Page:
Had electric vehicle startup Rivian Automotive chosen the west Fort Worth site, the area would have exploded with growth. Rivian eventually decided on a site in Georgia, but Crain said the process of working with Rivian was a good experience that will better prepare economic development officials the next time a project of that size and scope comes along.
“One of the city’s issues is not having enough commercial tax base, so anything we can do to change that is a great opportunity for us,” he said.
The Veale Ranch project’s length isn’t bothersome, Baird said. “We’re not going to make hasty decisions early on that jeopardize the quality of the project over the long term.”
The once-rural area west of Fort Worth first began to change when the Walsh family – who had owned 7,000 acres of ranch land just north of Veale Ranch since the 1930s – opened the land up for development.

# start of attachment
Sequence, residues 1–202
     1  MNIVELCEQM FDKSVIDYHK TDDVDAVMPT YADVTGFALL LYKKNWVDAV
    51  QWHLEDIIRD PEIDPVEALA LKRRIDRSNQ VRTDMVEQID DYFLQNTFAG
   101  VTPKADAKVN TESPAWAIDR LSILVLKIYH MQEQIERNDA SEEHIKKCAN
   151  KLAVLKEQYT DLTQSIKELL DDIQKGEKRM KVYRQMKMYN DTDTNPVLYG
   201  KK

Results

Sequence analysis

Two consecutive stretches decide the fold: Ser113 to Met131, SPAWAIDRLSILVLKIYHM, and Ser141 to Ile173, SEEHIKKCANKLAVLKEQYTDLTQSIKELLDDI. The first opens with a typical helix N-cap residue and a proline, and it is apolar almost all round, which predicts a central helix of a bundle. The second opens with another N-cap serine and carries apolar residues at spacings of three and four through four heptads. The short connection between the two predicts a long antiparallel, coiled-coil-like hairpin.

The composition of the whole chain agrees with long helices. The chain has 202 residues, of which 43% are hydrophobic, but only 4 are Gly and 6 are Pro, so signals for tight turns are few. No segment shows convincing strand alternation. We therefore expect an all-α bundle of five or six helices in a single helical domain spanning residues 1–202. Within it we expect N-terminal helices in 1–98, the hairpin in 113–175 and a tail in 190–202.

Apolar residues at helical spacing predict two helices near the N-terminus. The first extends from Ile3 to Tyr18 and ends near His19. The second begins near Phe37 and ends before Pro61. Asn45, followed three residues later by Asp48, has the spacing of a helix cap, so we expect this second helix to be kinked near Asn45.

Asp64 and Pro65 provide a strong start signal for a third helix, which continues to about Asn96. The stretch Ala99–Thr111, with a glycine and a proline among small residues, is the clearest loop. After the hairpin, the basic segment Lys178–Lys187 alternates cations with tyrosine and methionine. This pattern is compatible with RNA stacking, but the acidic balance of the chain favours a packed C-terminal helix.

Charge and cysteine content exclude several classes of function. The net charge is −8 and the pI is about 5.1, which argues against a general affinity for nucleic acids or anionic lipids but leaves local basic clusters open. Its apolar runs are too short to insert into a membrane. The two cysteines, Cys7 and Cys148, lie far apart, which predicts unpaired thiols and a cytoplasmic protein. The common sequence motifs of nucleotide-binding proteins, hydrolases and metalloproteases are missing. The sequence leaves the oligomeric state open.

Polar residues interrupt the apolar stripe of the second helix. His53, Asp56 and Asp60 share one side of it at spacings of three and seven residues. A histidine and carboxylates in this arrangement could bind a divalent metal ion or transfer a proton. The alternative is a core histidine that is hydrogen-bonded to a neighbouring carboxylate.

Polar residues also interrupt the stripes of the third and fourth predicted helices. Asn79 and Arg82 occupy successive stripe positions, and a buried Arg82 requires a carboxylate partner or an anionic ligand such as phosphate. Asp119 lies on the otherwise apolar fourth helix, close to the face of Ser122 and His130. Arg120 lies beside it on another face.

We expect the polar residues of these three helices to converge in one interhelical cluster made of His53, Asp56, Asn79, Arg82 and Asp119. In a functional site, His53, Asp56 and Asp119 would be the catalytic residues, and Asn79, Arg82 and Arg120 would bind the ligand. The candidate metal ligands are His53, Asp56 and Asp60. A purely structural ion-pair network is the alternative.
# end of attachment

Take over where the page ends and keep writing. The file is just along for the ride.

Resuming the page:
Development of the 7,267-acre Walsh Ranch began in 2017 via a partnership with Dallas-based Republic Property Group. About 1,600 acres are included in the first development phase with 3,500 total planned homesites. Over 1,000 homes have been sold in the development known as Walsh, according to Republic Property Group.
“By the end of this year, from a development standpoint, they will have delivered about half of that entire residential community already, which is huge,” said Greg Miller, a spokesman for the Walsh family. “It’s only been on the ground for a little more than five years now, so the traction’s been really, really good.”